- Nysela, goddess of righteous ideals and heavenly duty who is also the captain of the Daystar (which is Creation's Sun). If she slack even a bit, the entire Creation will feel it. This is all motivated by her (unrequited) love toward the Unconquered Sun.
- Certain types of exaltation also means you're part of a very large organization, and you're expected to do tons of desk job. Sidereals must run the hopelessly-corrupt Celestial Bureaucracy that police billions of gods, most of which are Jerkass Gods. Alchemicals are cogs of their government, and without them working like mad, the populat will riot.
- And there is a Solar charm that allows its master to regain Essence by doing administrative jobs in a government. This charm originally belong to the sorcerer caste, which requires tons of Essence for their Sorcery. Cue the Workaholic stereotype...
- The Pattern Spiders, who constantly weave and re-weave the Fate of countless objects and beings in Creation, have never taken a day off since their creation by Autochthon. Because of this, they love to tilt Fate a bit toward the people who do awesome things in life, those people's exploits are like action movie for them.
- Luna's parents in Mega Man Star Force, as exemplified by the "Queen Ophiuca" chapter of the first game.
- In Osu! Tatakae! Ouendan, a salaryman's workaholic attitude has distanced him from his daughter, whom he has to save from a giant rat.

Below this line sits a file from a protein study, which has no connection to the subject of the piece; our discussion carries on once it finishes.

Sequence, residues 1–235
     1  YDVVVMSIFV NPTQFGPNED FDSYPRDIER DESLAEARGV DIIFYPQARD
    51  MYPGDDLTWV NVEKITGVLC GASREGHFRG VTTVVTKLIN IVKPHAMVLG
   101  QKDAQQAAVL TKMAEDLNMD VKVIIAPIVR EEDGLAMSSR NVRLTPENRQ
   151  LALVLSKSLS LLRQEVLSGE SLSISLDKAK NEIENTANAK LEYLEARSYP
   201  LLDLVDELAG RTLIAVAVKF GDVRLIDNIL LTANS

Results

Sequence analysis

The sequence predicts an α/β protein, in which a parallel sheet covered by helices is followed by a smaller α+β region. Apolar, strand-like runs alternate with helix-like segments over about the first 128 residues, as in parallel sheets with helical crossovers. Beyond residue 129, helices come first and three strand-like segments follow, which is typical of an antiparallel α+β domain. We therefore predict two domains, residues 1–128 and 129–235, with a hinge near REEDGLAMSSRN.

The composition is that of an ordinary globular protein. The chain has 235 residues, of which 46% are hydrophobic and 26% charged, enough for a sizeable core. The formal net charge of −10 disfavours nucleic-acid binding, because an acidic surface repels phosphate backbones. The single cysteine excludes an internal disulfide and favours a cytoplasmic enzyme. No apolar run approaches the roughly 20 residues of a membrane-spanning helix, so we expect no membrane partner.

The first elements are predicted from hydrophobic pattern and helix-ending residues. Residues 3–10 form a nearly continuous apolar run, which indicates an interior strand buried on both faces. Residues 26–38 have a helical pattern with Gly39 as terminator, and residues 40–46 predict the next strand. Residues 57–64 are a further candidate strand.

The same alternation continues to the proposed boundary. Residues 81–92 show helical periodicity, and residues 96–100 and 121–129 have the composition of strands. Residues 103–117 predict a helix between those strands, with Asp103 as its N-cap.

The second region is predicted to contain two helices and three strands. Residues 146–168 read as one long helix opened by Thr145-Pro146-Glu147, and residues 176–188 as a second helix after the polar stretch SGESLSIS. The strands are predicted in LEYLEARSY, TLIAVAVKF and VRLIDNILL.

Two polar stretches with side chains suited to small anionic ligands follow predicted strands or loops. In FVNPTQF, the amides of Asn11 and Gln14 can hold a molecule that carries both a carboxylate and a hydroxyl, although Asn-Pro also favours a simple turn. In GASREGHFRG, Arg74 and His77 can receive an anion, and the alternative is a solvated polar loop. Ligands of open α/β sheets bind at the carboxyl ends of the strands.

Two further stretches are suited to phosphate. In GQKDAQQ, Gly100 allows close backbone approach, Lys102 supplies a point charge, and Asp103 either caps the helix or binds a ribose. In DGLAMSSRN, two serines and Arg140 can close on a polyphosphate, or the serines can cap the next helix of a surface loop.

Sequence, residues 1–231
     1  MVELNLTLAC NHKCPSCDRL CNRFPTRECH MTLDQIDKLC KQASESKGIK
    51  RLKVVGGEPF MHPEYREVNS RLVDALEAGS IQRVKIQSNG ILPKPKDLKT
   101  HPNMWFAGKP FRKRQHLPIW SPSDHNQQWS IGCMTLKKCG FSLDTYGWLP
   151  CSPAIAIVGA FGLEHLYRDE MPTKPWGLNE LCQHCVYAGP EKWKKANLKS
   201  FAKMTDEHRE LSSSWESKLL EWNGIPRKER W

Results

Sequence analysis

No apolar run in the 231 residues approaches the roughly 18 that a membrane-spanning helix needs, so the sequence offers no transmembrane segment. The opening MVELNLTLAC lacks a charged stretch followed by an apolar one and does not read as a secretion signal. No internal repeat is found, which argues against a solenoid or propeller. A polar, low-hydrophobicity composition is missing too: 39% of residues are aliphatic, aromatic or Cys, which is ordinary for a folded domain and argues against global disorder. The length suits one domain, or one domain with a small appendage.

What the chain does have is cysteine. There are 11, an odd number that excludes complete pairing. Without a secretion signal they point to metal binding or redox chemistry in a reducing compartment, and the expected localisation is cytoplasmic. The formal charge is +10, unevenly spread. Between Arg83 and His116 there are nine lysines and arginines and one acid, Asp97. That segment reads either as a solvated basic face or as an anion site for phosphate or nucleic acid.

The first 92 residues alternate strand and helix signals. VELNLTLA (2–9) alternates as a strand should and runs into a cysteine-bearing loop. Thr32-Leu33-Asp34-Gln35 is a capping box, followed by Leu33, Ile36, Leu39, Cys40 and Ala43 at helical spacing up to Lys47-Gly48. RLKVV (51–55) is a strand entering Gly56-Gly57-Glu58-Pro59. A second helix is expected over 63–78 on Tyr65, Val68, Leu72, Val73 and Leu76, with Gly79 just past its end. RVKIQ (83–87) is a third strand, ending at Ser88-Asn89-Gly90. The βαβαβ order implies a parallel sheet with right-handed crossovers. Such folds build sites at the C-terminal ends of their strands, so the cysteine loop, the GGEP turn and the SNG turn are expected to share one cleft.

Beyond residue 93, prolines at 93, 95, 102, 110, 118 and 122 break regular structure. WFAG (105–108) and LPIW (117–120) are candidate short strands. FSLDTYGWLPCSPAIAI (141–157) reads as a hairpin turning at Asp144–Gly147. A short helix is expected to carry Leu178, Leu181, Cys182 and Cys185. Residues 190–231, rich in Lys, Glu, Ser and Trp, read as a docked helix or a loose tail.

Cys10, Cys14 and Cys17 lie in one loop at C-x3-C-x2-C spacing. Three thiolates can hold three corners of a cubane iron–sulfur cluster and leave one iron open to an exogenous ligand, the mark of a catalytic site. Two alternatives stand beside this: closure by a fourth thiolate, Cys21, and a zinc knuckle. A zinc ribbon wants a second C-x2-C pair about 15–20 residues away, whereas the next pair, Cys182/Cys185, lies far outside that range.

- The Sims 3 has this as a trait.
- Norman Jayden of Heavy Rain qualifies. He's an incredibly zealous FBI agent who spends all of his time trying to solve the case of the Origami Killer, and has few interpersonal relationships outside of work as a result. In one of his epilogues, Norman decides to resign from his post to get back in touch with the 'real world' and lead a more normal life.
- In The Sand Man, Sophie's father Richard keeps so busy that there are times he won't come home for days, staying at the office. This also applies to all the faeries, which causes even more problems.
- Arthur from Rune Factory 4 is almost always working, even during festivals, and often Forgets to Eat.
- Amelia's group of bureaucrats from Tears to Tiara 2 are absolute Workaholics. When told by Hamil they'll be given so much work they won't have time to sleep, they cheer and cry tears of joy.
- Dwarves in Majesty have most of their voice lines centered around hard work and how much they love it—when they see a monster, they complain that it's interrupting their work; when they go for a reward flag, they characterize it as "more work to do!" This is less a social detriment, however, than an emphasis on their culture.